When most people think of sage, what comes to mind is the fragrant culinary herb (Salvia officianalis) which is a member of the mint family. A couple other sages in the mint family are California white sage (Salvia apiana) and Salvia divinorum, which was used for divination by the Aztecs.

Rather than being in the mint family, the silvery fragrant sages which you see along the trails in Red Rock Canyon are members of the sunflower family and belong to the genus Artemisia.

Growing only a few inches tall, the small feathery sage with finely divided leaves is Artemisia frigida which is commonly called fringed sage. Some Native Americans used the chewed leaves of fringed sage as a dressing for wounds. It has also been used as a spice for corn dishes. As a spice, it is used very sparingly because of its overpowering bitterness. It was also used to eliminate, or at least mask, the greasy rancid odor of dried meat.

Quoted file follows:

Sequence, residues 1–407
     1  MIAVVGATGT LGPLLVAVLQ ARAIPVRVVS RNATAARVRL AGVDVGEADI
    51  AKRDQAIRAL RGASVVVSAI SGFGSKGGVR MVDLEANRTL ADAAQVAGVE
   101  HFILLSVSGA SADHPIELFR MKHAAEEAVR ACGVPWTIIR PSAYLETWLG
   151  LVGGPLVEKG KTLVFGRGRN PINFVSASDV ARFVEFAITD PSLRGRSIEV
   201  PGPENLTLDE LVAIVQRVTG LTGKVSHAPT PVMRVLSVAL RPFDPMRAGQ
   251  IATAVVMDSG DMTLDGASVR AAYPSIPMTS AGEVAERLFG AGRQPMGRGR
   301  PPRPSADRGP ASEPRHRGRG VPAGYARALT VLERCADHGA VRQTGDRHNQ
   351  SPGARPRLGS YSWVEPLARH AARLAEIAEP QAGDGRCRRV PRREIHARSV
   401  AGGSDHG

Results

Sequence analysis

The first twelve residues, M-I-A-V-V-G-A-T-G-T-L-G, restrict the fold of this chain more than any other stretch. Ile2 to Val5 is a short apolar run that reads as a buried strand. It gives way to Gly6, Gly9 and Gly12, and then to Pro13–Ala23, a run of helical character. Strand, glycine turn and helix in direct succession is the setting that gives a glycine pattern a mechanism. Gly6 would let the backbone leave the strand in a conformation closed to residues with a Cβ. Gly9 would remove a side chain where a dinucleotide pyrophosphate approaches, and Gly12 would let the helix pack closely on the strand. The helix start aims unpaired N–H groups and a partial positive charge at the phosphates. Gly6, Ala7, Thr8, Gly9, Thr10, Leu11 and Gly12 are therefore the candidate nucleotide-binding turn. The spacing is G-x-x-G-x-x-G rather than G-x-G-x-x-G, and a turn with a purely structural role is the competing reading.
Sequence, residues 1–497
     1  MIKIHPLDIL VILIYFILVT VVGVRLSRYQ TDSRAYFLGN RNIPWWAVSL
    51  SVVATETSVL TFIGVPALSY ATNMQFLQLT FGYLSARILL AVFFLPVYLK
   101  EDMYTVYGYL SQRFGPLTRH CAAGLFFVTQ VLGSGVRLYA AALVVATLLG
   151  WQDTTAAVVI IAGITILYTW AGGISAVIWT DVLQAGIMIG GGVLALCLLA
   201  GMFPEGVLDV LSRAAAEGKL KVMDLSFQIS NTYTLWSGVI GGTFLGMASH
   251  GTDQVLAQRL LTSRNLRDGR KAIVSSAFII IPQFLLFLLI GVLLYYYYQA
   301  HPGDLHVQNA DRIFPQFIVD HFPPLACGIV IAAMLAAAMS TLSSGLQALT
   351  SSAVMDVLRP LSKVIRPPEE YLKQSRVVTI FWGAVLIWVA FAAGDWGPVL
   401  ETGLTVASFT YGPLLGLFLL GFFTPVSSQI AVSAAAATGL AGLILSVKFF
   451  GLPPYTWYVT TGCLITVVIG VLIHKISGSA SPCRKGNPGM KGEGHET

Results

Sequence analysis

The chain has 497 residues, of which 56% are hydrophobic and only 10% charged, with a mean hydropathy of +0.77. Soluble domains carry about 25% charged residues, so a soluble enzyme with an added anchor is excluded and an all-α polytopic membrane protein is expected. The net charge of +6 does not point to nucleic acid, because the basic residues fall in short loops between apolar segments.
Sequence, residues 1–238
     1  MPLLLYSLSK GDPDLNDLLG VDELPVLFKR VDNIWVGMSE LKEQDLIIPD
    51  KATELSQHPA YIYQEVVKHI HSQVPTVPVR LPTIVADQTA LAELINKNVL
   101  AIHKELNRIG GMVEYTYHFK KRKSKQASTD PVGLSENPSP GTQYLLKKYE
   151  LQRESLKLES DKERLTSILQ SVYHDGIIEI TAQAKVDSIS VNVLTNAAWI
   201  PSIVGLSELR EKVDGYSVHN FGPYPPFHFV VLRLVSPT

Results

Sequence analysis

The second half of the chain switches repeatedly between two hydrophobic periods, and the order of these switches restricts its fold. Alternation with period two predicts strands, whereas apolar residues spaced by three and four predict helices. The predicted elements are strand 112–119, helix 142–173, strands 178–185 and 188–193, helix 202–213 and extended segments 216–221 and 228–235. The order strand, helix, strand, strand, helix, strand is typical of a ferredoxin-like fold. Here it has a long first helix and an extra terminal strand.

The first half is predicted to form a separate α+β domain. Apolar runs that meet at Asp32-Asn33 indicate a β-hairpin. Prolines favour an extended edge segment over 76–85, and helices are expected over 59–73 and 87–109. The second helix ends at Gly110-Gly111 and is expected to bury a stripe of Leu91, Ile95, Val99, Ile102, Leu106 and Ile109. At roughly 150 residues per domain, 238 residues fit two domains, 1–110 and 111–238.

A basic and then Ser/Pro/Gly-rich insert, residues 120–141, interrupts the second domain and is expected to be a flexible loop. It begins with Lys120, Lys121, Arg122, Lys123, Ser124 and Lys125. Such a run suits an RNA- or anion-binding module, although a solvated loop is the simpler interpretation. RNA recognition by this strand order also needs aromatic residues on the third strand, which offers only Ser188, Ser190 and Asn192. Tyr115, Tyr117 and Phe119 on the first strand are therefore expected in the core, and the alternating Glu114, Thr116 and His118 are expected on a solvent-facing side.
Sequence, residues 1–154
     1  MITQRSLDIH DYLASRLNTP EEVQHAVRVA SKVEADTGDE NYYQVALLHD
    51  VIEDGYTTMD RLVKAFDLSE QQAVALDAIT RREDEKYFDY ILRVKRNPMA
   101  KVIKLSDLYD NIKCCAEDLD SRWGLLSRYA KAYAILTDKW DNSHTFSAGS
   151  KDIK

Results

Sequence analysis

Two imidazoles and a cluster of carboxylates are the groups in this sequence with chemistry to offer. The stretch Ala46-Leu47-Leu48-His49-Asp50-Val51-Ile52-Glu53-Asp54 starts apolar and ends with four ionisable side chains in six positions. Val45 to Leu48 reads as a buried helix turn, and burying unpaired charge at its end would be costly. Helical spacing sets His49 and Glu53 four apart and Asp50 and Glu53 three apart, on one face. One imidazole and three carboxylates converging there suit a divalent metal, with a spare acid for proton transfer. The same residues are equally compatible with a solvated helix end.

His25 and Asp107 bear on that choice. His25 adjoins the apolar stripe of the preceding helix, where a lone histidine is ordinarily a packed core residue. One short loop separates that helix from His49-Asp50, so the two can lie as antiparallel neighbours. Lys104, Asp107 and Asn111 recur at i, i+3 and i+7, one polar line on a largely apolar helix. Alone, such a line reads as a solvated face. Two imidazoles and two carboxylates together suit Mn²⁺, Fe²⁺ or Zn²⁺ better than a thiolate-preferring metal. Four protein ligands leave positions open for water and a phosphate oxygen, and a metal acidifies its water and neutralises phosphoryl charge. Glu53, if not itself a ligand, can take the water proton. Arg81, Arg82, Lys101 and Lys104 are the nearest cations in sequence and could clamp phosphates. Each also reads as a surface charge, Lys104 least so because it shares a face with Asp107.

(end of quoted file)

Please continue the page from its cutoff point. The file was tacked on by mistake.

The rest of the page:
Prairie sage or white sagebrush (Artemisia ludoviciana) grows 1 to 2 feet high in Red Rock Canyon. It has simple linear or elliptic leaves, sometimes toothed at the tips, and tiny yellow flowers which bloom in late summer. Prairie sage is used in sweat lodges and for smudging by the Lakota and other tribes. Evil spirits are dispelled by smudging with the smoke from prairie sage, while good and beneficial spirits are attracted by smudging with sweetgrass. Sacred objects are often wrapped with sage in medicine bundles. Some Native American traditions associate four sacred fragrant plants, sage, sweetgrass, tobacco, and cedar, with the four cardinal directions.

All members of the genus Artemisia have a variety of uses in herbal medicine. One use is the elimination of parasitic worms; and a common name for the genus is wormwood.

Cooks are familiar with one Artemisia, tarragon.